VIS 1001-1002: World Art, I, II

Dictionaries & Encyclopedias

Use these reference sources to get a good background understanding on your topic, generate ideas, and identify keywords for further searching.

Art Encyclopedias

Credo Reference searches over 500 encyclopedias, guides, and dictionaries.

List of Art Reference Books at Dowling

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Books for VIS 1001

You can search by keywords to find books.
Tips:

  • Combine words with and to narrow your search (Renaissance and Florence)
  • Combine words with or to broaden your search (medieval or middle ages)
  • Search phrases in quotes: “blue period”, “middle east”
  • Use an * to truncate a word and search variations on it: art* will find art, arts, artist, artistic, artifact…

Books for VIS 1002

You can search by keywords to find books.
Tips:

  • Combine words with and to narrow your search (Renaissance and Florence)
  • Combine words with or to broaden your search (medieval or middle ages)
  • Search phrases in quotes: “blue period”, “middle east”
  • Use an * to truncate a word and search variations on it: art* will find art, arts, artist, artistic, artifact…

Search the MET

Connections@Metropolitan Museum of Art

Talks by curators about various topics and artworks.

Metropolitan Museum of Art Collections

Search and browse the Met’s collections online.

Metropolitan Museum Journal

Publishes research on artwork in the Met. Access via JSTOR (full text from 1968–2010)

Find Articles

The resources listed below provide articles, both full text and abstracted, from numerous publications that will be helpful in your research efforts.

Art Full Text
JSTOR
ProQuest Research: Arts

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Web Sites


  • The Tate Museum, London
    The Tate holds the national collection of British art from 1500 and of international modern art. All works can be found on this site, each with its own information page.


  • Smithsonian Institution
    The Smithsonian Institution’s “Explore and Learn” page for Art and Design leads to countless resources. Select an artistic field, region or culture, and find extensive imagery, online exhibits, archive access, research databases and more.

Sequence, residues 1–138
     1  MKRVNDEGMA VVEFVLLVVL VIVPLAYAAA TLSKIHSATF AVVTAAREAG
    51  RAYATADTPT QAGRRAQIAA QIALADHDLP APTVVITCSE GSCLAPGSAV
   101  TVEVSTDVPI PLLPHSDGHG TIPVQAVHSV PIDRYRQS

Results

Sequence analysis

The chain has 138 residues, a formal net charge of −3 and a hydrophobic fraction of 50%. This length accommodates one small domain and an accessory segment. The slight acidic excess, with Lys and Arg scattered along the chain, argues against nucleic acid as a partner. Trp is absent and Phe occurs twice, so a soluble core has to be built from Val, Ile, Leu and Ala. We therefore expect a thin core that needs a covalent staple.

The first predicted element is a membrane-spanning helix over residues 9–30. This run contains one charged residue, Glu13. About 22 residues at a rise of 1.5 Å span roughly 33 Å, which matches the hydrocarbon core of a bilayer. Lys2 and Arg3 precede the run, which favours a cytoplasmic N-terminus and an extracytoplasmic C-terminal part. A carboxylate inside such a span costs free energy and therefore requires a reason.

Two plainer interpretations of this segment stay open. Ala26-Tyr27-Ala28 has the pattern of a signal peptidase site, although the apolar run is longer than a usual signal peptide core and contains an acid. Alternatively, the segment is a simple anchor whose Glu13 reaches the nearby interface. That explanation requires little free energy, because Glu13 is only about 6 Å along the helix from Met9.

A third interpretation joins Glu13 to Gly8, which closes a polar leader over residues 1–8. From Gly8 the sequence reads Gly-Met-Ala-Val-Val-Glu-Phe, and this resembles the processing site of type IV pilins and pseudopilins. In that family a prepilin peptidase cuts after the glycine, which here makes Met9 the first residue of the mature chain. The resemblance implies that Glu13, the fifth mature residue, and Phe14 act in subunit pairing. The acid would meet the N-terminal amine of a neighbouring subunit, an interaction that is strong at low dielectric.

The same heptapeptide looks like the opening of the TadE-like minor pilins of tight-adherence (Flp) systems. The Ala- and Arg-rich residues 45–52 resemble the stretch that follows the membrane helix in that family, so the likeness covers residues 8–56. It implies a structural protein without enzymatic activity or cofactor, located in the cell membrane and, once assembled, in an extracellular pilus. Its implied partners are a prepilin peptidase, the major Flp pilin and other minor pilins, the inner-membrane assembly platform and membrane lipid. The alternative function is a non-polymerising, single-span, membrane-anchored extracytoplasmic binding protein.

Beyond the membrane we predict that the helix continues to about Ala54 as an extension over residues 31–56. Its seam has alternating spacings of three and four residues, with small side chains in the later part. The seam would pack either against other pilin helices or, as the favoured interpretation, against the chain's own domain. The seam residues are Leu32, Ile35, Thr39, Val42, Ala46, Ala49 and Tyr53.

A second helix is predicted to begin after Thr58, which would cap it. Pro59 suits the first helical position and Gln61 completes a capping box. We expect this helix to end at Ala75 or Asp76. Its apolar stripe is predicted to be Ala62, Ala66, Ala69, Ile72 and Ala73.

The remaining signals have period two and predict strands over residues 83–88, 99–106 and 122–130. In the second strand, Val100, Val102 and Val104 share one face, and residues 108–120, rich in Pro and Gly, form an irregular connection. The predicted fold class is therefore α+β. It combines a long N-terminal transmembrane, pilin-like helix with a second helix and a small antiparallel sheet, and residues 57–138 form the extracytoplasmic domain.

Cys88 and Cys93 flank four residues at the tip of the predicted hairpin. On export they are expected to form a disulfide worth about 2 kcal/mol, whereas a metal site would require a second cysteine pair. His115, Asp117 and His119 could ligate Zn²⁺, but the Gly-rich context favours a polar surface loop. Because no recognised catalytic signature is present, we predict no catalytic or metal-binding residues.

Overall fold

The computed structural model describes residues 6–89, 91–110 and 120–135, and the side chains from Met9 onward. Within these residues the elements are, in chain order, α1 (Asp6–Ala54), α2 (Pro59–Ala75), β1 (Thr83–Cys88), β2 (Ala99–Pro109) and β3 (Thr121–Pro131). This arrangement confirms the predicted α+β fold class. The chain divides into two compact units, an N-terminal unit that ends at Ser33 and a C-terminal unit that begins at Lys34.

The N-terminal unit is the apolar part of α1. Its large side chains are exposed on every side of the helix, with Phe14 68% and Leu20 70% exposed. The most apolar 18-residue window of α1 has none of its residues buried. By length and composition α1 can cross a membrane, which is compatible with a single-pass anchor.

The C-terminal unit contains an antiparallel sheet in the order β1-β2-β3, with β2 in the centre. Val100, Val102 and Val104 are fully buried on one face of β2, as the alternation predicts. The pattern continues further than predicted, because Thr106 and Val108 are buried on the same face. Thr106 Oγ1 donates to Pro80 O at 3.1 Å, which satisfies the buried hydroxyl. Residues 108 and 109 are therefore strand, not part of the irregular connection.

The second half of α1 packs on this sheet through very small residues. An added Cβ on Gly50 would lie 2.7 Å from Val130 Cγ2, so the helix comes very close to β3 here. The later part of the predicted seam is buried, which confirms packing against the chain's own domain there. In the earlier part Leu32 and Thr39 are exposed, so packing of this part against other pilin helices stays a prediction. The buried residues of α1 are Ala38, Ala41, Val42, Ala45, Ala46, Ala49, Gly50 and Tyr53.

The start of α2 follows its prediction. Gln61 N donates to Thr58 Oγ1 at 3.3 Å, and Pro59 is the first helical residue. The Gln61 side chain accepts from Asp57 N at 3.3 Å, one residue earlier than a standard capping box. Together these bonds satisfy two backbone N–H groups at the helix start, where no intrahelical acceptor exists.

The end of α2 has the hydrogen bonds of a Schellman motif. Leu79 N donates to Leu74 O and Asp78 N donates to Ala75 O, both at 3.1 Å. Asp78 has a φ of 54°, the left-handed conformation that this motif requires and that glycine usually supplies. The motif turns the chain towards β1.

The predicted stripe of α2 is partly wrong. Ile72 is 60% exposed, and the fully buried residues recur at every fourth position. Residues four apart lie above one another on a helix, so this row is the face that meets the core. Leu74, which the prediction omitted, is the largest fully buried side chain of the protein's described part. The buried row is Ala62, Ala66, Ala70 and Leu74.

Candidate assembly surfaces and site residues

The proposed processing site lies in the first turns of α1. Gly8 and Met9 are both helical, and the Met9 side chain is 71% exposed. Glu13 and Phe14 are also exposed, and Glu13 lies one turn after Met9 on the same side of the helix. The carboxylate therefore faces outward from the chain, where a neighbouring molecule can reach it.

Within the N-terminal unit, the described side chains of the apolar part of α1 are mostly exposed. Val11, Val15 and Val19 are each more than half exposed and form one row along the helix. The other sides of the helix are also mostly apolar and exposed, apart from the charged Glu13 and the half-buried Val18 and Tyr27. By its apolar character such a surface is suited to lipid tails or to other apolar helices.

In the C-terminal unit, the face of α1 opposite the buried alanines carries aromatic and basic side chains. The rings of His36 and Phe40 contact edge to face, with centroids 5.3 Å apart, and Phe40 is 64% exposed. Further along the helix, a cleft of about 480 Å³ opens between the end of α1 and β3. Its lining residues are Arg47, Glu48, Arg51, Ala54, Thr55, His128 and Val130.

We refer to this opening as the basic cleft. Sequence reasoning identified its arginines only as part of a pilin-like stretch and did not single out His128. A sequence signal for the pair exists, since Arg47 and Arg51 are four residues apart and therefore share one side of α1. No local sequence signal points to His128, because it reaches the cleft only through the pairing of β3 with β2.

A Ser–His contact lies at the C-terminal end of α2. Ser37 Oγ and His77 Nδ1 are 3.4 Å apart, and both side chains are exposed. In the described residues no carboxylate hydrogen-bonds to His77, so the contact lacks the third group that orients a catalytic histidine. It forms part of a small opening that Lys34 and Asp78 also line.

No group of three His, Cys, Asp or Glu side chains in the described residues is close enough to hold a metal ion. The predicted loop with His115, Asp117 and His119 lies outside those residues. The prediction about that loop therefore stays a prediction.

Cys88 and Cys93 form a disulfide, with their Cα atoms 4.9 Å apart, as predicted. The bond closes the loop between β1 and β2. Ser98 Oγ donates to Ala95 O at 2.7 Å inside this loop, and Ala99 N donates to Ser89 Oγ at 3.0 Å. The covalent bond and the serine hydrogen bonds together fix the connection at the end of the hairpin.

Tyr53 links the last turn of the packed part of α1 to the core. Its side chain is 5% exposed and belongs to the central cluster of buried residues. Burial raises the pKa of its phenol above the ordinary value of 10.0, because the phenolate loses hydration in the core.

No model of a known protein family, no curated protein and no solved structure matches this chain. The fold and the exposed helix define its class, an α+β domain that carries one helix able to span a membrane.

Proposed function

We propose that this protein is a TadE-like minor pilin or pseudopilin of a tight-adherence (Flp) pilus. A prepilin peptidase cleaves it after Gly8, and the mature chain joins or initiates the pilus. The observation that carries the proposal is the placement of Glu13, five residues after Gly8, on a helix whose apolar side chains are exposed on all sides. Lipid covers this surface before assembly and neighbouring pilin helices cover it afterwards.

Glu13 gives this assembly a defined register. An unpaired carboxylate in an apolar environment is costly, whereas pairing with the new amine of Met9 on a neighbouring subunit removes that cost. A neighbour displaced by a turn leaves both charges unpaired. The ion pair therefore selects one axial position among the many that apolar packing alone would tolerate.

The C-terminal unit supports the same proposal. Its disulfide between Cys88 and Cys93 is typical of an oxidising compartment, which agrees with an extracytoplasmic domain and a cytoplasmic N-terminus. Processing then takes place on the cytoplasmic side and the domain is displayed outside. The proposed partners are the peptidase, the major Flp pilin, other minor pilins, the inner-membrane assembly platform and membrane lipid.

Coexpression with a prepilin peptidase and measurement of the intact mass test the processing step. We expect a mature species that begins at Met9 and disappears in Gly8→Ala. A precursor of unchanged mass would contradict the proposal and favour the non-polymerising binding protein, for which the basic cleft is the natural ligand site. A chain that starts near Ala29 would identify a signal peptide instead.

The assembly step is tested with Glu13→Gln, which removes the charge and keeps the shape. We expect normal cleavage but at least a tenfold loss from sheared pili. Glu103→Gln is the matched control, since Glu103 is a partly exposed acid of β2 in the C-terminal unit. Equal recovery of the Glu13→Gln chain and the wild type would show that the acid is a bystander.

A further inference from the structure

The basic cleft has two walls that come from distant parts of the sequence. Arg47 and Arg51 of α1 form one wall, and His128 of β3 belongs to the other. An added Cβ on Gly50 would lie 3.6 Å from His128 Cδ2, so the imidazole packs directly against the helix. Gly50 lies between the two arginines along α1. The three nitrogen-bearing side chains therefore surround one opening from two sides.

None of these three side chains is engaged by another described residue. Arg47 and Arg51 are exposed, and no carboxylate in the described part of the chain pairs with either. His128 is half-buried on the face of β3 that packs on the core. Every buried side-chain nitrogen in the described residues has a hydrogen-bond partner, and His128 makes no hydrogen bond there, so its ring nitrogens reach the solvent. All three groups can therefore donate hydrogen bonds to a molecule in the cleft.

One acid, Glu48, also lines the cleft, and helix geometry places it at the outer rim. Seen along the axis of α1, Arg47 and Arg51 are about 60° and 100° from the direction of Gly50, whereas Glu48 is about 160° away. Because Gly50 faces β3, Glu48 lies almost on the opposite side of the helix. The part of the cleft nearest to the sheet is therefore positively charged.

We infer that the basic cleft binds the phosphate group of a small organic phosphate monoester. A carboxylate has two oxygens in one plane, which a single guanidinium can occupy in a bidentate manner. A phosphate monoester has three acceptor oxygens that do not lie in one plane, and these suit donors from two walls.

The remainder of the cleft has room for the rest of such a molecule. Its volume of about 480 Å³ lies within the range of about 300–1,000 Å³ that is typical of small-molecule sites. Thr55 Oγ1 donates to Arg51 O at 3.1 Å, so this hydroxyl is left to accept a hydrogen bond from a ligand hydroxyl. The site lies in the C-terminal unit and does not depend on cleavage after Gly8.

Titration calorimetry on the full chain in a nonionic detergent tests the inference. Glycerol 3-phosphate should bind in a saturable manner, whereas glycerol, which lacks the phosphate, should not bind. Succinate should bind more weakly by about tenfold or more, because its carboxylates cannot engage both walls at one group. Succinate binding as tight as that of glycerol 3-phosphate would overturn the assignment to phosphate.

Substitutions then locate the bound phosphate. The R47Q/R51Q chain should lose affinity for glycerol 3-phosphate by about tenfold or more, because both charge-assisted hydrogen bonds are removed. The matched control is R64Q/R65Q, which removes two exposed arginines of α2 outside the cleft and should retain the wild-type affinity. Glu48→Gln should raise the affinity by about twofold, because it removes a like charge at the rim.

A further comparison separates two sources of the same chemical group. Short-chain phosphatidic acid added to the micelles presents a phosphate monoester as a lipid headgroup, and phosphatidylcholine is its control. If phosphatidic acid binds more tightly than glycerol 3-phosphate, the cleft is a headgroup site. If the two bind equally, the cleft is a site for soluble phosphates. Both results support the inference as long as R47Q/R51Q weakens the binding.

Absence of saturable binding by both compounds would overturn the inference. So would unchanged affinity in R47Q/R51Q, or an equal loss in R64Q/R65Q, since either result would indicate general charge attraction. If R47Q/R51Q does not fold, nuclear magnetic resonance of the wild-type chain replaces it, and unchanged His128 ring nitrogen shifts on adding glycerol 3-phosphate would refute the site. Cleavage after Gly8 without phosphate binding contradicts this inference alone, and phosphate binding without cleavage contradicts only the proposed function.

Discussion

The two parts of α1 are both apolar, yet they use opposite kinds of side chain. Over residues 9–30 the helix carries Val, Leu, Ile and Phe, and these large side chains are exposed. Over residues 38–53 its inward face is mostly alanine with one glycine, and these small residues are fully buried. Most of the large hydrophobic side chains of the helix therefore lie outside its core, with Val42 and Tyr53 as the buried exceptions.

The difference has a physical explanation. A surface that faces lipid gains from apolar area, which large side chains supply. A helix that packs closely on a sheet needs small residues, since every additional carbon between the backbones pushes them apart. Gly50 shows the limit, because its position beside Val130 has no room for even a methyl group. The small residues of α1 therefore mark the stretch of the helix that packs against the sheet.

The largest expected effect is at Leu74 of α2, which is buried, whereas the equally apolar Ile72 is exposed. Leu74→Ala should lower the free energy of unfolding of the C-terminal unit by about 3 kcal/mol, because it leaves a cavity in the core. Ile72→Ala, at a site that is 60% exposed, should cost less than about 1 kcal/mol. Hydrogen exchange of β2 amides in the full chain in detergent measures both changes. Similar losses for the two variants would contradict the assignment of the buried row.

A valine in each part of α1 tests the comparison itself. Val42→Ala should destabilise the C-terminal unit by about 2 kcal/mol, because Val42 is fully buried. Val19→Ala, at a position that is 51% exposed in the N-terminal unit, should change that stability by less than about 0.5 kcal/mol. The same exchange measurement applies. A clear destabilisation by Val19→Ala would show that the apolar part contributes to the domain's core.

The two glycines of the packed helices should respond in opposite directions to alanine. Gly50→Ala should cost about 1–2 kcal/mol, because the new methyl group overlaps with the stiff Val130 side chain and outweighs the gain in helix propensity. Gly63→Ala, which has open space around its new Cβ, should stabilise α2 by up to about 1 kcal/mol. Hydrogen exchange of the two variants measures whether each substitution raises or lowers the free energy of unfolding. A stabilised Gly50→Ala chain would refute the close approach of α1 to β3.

• The Cloisters
    Metropolitan Museum of Art guide to The Cloisters, including the Cloisters’ floorplan and an overview of its collections.


  • Brooklyn Museum of Art
    Brooklyn Museum of Art home page includes information about collections, current exhibitions, Museum news, competitions, and directions to the Museum. Highlights include the Museum’s blog and the Elizabeth A. Sackler Center for Feminist Art.


  • Artcyclopedia
    A commercial site providing a comprehensive index of artists represented at hundreds of museum sites, image archives, and online resources.


  • New York Public Library: Art History Research Guide
    NYPL provides extensive support for any researcher of an art period, movement, artist, or individual work of art. A step-by-step approach to understanding the process and finding useful information. Well worth exploring.



  • Mother of All Art History Links Pages
    Links to universities, museums, and art history research resources. Maintained by Patrick Young, Department of Art History at the University of Michigan.


  • Museum of Modern Art
    This site presents highlights from the Museum’s extensive collections. Areas include Architecture and Design, Drawings, Film and Media, Painting and Sculpture, Photography, and Illustrated Books.


See more

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Citing Your Resources

Doing ethical research means citing sources. It is critical to credit writers for their work and their contributions to your research. To not do so is unethical and leads to plagiarism - unintentionally or not. Here are some sources to help you cite properly and to avoid the problem of plagiarism.

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Last updated March 31, 2014, at 10:46 AM by Chris